The Texas Animal Health Commission (TAHC) confirmed last week that a cow from a West Texas dairy tested positive for Mycobacterium bovis, or cattle tuberculosis (TB). The herd was initially quarantined in April after some of the herd reacted to a TB skin test before a sale.

Dr. Bob Hillman, a Texas state veterinarian and executive director of the Texas Animal Health Commission, said in an earlier press release said the herd had positive TB results after several rounds of testing.

“Animals from the 2,600-head dairy were being prepared for sale and some reacted to TB skin tests,” Hillman said. “Samples were collected from two of the cattle slaughtered for examination, and the tissues were submitted to the National Veterinary Services Laboratory in Ames, Iowa for additional testing.”

Hillman said the lesions are microscopically compatible with TB and the final confirmation would be based on a culture.

“The infected herd remains quarantined while the final disposition of the heard is determined - either slaughtering the herd, or repeatedly testing and removing infected animals until the herd is free of cattle TB,” Hillman said. “Dairy, calf-raising and dairy animal replacement operations with epidemiological links to the infected herd are being tested to determine both the origin and potential spread of the disease.”

Although TAHC representatives would not confirm the name or location of the infected dairy, other reports said the cows were from Tapia Farms, on their way to Erath County Dairy Sales (ECDS) for auction.

Jason Beyer of ECDS said the Tapia Dairy cows were tested at the dairy before they made it to the sale barn.

“The one that was confirmed never left the dairy,” Beyer said.

Beyer said the test is a routine procedure for dairy cattle and must be performed before the livestock can be moved out of state.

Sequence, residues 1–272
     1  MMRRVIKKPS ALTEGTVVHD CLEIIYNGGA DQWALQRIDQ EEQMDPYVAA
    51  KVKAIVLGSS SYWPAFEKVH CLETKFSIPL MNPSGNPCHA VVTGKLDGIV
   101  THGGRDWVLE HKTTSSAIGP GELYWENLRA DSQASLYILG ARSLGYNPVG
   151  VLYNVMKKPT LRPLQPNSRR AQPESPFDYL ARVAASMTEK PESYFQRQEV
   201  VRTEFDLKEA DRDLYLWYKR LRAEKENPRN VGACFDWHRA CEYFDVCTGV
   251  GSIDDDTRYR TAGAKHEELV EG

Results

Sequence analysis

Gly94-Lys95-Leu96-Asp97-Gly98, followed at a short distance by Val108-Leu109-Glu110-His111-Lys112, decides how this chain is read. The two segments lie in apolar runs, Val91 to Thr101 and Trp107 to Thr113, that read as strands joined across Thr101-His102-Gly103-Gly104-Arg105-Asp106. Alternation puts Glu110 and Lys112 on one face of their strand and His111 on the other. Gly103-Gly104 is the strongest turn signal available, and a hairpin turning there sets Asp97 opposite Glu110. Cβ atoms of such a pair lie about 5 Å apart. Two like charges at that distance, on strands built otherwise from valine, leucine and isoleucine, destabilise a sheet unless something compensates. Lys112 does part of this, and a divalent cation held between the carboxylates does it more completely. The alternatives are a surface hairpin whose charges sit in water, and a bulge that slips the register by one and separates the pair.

He said that if a TB-positive cow had made it to the barn, they would have sent the offender back to the dairy and then cleaned and sanitized all pens and equipment.

According to information provided by TAHC, the quarantined herd must pass five annual post-quarantine tests to show the disease has been eliminated, followed by two more tests at three-year intervals. 

The disease is commonly eliminated from a herd through depopulation.

“Cattle TB is a serious, transmissible disease that can spread among herds,” Hillman said. “In the early 1900s, when the national cattle TB eradication program was initiated, more than five percent of the country’s herds were infected with the disease. At that time, cattle TB posed a significant human health threat, because consumers could become infected when they drank raw, unpasteurized milk that had not been through heat-treatment to kill bacteria.”

Although the cows from the infected herd can only be sold for slaughter, TAHC said the milk produced from the herd is safe for consumption once it has been pasteurized. 

Texas initially gained TB-free status in November 2000 but lost that status after an infection was detected in a beef herd in June 2002.

Texas regained cattle TB-free status in fall 2006, after losing the coveted status in spring 2002. Hillman noted that one TB-infected herd would not affect the state’s status but if another herd tests positive within a 48-month period, Texas would once again loss its status. Prior to this incident, the last confirmed case of cattle TB was in 2004.

California lost its TB-free status in September 2008, and Minnesota, Michigan and New Mexico are split states according to TAHC, meaning areas within these states have different TB statuses. All other states are TB-free.